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Indians Underperform, and Obviously it's Eric Wedge's Fault

Eric Wedge had been under some heat for a while for two straight disappointing seasons in Cleveland. The Indians were one game away from a World Series appearance two years ago, and two seasons later they were suffering from a 90+ loss season.

The Indians have racked up 31 WAR this season via FanGraphs' calculations, far more than any of the other 90-loss teams in baseball. This was achieved despite not having Grady Sizemore at full health and a set of starting pitchers other than Cliff Lee and Carl Pavano who could not strike out hitters. That 31 WAR should put them at 78 wins, but they currently stand at 65. There's your reason for firing Wedge right there; they're crazy underachieving. Next!

Well, I don't think it's actually so easy. Can Wedge really be blamed for these things? Is Wedge to be blamed for the team's poor defense (-35 runs by UZR, fourth worse in baseball)? Can he be blamed entirely for their lackluster pitching staff (22nd in baseball in WAR)? Probably not. So what can Wedge be blamed for this season? I'd say the two places where managers can be at fault are in bullpen management and lineup construction. Let's take a look at those and see ho Wedge managed (pun not intended).

Bullpen Management

The Indians have around the second worst bullpen in the American League, with a FIP of 4.59 and a park-adjusted 16 runs above average, barely beating out the Detroit Tigers for the worst pen in the AL. Of course, a pen may be terrible, but the manager's job is to best leverage the pen to achieve the best results. Here is the Cleveland Bullpen ordered by most high leverage appearances (from Baseball-Reference) and FIP (from FanGraphs). Pitchers shown here are the only ones to have recorded more than 10 appearances in high leverage situations and recorded more than 30 innings for the team.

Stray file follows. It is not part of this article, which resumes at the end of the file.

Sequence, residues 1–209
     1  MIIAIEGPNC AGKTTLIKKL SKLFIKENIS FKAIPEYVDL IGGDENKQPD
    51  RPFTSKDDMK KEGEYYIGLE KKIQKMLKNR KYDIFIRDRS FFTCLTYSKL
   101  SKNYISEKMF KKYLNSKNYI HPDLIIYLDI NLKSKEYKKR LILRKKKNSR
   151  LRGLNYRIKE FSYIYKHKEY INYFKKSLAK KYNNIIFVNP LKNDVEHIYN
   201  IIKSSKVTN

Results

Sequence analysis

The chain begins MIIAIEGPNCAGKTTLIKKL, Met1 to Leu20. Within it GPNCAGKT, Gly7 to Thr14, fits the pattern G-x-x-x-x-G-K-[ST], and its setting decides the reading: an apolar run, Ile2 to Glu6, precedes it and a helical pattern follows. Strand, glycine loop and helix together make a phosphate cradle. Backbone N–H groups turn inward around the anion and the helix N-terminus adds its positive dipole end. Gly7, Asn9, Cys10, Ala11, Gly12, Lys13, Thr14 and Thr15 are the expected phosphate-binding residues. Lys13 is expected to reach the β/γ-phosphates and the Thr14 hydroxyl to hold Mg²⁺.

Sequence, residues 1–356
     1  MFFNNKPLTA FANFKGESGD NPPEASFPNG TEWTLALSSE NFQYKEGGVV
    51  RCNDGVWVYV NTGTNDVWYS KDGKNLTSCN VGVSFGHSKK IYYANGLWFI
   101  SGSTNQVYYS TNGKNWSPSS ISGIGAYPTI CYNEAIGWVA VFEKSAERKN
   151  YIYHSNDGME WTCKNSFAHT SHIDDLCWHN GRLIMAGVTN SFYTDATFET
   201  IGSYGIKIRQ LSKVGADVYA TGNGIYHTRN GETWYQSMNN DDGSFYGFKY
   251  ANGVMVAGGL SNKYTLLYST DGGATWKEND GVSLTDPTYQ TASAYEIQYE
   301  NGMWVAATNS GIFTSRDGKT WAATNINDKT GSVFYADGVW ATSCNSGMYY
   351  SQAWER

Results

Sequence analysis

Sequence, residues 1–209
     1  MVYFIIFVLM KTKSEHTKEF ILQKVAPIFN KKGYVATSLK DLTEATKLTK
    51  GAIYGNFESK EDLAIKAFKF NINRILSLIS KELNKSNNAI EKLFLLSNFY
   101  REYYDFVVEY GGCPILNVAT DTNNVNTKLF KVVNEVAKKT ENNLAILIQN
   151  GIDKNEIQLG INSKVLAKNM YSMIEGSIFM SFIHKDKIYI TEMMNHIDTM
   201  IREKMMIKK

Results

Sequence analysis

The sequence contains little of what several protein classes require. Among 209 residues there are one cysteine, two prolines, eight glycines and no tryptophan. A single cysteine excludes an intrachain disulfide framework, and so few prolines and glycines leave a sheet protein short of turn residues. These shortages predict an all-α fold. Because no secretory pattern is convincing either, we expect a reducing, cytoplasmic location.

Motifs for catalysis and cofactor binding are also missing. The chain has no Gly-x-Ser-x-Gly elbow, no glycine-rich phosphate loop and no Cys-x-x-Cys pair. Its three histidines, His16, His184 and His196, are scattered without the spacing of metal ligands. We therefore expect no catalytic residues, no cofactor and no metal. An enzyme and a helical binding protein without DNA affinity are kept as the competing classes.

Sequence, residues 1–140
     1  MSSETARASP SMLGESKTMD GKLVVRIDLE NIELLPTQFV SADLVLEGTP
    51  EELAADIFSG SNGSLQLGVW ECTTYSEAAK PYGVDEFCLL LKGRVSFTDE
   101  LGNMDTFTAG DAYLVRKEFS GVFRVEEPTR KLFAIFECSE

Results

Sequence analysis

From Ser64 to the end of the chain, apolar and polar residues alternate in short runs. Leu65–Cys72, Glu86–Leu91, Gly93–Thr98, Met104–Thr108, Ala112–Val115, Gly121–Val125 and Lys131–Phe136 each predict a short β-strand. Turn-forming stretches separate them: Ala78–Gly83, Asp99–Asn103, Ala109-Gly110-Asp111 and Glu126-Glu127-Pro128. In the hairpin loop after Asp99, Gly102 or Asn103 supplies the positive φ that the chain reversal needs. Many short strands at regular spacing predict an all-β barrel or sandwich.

All things considered, Wedge seems to have done a decent job with what he had. Perez was a late season acquisition and only made 31 appearances with the Indians, the smallest amount of appearances among the relievers listed. Wood, Betancourt, and Smith were their better relievers, and Wood ended up being good enough to stick in the closer's role despite walking his more usual total. Betancourt was dealt to the Rockies when it was apparent the Indians were not in contention; he only made 29 appearances for the Indians this year. The order of high leverage appearances in general follows in accordance to the reliever's performance this season.

Lineup Construction

The Indians were about middle of the pack in their offense, ranking eighth in the American League in wOBA. Wedge was restricted in his lineup construction this season by in-season moves made by the front office once the team was thoroughly out of contention. His construction of the team involved was of decent given the talent he had, but had some significant holes. Of the most common starters for each position on the team according to Baseball-Reference, Luis Valbuena (-0.2 WAR) and Ben Francisco (0.1 WAR with the Indians) stand out as egregious errors in starting. Valbuena was a young player acquired in the Mariners/Mets deal that saw Franklin Gutierrez go to Seattle, but he showed he wasn't ready yet to handle major league pitching.

Wedge did not have a consistent lineup, in part because he did some platooning and moved Victor Martinez between catcher and first base. Of course, he also did the prototypical managerial move of making small lineup changes due to minor changes in recent player performance, so he definitely deserves some demerits for that. However, among the players who showed up the most in the respective lineup slots, did Wedge get it (mostly) right? To find out, I'll be following the basic lineup optimization rules laid out in The Book and captured in short here. Let's see how many Wedge got right (remember, we're mostly grading on a curve here, because few managers would do such things as "bat your best guy outside of third." You do a halfway decent job if you do stuff like "avoid leading Willy Taveras off." Thanks, Dusty!)

Best hitters are #1, #2, and #4. Best power hitter is at #4, best on-base guy is at #1. Speed is a bonus at #1.